Writing Prompts: Stifle

WordPress has this amazing blog, TheDailyPost, which provides a daily word as a writing prompt–a great opportunity for new writers.

Today’s word is “stifle.”  Feeling suppression, that choking sense of either doing it to ourselves or having others suppress US is one of the ingredients in many a decision to become a blogger.  Being able to find my voice and explore it ways outside of the academic drone has definitely been part of my incentive to write in this medium.

Those of us of a certain age well remember the television show, “All in the Family.”    Archie Bunker was constantly telling his sweet, bashful and slightly kooky wife, Edith, to “Stifle Yourself!”  He was portrayed as a angry, egotistic, controlling man whose life was going out of control because of the changes in society around him.  (We see alot of Archies these days).  That’s where some people were introduced to this word.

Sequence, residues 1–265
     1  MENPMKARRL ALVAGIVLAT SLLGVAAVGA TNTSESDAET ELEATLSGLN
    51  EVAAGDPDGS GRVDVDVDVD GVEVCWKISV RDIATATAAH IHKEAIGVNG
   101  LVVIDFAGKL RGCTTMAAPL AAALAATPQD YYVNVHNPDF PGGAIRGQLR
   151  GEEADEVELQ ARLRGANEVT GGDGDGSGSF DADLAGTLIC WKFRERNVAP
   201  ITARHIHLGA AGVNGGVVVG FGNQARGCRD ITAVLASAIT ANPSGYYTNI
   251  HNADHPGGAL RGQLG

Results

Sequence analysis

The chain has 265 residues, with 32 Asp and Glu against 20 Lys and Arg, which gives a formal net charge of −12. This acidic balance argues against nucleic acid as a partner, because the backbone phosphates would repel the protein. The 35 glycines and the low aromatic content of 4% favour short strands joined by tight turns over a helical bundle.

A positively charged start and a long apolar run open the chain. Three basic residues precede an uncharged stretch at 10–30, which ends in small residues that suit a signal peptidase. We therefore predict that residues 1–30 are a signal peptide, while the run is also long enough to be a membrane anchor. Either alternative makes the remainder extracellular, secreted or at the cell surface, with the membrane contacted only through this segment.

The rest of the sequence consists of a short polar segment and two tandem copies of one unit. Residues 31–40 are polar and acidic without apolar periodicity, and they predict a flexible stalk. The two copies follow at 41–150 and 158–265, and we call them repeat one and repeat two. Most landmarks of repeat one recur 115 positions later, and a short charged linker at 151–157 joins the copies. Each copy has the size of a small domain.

Outside forces often require us to “stifle ourselves”  as a means to control not only our voices but our very thinking processes.   In corporate environments, the leadership wants to control and discipline “the message.” In academia, “academic freedom” is something only old people acquire, as a reward for years of long service and observation of the social code about what is, and is not, “scholarly writing.”  If a chemistry professor or a computer scientist publishes a novel or a book of poetry, well, they better have tenure.

Bloggers tend to be younger for a reason– freedom and time. With age comes experience, and perhaps more to say, but more restrictions, too. But it is the self-restrictions that are the real killers of creativity and exploration.   After years of coloring within the careful lines of the external restrictions, it is hard to break out who they want us to be and talk, write and move in different ways.  But it is necessary.  It’s an exercise in being authentic people.  That tenured chemistry professor may not be able to write that poetry because her authentic  voice has been out of use for so long.

It’s taken me about three years to find my voice again. Don’t wait too long. To find our voices, we must first of all use them.   ~Lola

Author: Lola

Recovering academic, real-life, honest to cornflakes anthropologist (Ph.D. and fieldwork and everything), tech-head and social media researcher.

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